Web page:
Having photos displayed on a computer screen is better than looking at paper prints, and of course with Photoshop you can adjust exposure, colour balance, perspective, as well as being creative. I do miss making those big 16" x 20" black and white prints, but for that you need a darkroom with smelly chemicals, a tall enlarger and space for large trays - developer, stop bath, fixer and water.

Less than six weeks after buying the D80, I took the decision to start a blog, but more about that on 1 April. Without that camera, I would not have started blogging.

I bought the camera at a Dixons Duty Free shop - can't remember whether it was at Heathrow or Luton - returned home, charged up the battery, read the manual while waiting, took a few test snaps in my room, long deleted, and went to sleep.

The next morning, I took the photo below from my window. Taken at 200 ISO (the fastest speed the D80 could go), f4.2 at 1/50th sec, lens at 31mm (46mm in 35mm/full-frame equivalent).


Below: Ten years after my first foray into digital. See the tree how big it's grown. Note also the new houses (under construction) to the left of the photo. Taken on my D3300 at 200 ISO, f4.2, but for some reason the shutter fired at 1/120th sec.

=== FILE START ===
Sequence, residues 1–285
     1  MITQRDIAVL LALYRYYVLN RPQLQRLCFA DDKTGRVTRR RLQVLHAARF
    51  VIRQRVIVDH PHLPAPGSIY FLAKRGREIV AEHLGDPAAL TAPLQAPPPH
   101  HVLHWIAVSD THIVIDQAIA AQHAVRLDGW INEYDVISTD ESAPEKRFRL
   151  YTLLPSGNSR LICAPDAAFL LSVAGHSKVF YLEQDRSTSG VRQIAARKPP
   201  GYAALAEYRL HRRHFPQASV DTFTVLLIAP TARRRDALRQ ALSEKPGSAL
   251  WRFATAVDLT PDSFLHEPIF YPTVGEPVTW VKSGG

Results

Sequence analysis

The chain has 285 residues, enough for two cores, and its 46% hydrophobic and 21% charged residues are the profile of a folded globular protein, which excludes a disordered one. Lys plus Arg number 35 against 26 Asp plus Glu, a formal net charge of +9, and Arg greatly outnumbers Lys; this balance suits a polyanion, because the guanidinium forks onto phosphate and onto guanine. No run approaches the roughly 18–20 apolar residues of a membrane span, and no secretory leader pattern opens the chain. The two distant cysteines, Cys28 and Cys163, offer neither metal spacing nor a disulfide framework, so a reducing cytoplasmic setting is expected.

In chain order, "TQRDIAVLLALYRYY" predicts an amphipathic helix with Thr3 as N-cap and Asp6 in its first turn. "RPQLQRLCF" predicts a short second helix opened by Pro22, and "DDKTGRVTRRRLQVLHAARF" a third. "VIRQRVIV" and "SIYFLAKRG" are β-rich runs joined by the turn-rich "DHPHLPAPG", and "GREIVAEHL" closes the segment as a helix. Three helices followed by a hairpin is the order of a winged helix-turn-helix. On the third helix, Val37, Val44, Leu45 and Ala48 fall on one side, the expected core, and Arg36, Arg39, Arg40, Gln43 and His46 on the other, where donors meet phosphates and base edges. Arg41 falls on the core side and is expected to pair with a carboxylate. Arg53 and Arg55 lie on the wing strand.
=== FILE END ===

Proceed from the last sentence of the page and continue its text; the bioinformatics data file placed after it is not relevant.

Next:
'Proper' camera sales are falling as the cameras in our phones get better optically and operationally. In 2013, nearly 14 million DSLRs were sold globally; by last year this had fallen to a little over 8 million. And sale of 'mirrorless' cameras (interchangeable lens but non-reflex, such as the Leica M10 or Sony A7) has remained static at 3 million units sold over those past four years.

My dream camera would be a full-frame mirrorless Nikon that will still be able to take Nikon F-mount lenses with a body that's much lighter and smaller than current DSLR bodies. The excellent Nikon D810, with its 36 megapixel sensor, weighs a mighty 965g (more than double the weight of the D3300 body). A full-frame body weighing around 500g would be perfect, thanks. Will buy.

This time last year:
Between atheism and creationism

This time two years ago:
A peek into the Afterlife
[the best piece I've written about my spiritual quest]

This time three years ago:
The new dupes of Moscow

This time four years ago:
Late-winter commuting, Jeziorki

This time five years ago:
My Nikon D80 five years on

This time six years ago:
My Nikon D80 four years on

This time eight years ago:
Nikon D80 two years on

This time nine years ago:
Nikon D80 one year on

2 comments:

Pan Rail said...

Processing the negatives takes only one hour in professional lab, e.g. in Foto Relax at Pasaż Wiecha. You can also order prints and scans.
Of course, for blogging digital is more versatile but having Leica and FM2 and not using it sounds to my ears like blasphemy ;-)

Michael Dembinski said...

@ Pan Rail

Yes! Foto Relax - I used to process my films there, have hundreds of envelopes with negs from that place. They take up as much space in the attic as about 50 1TB external hard drives :-)

My film cameras are up for sale :-)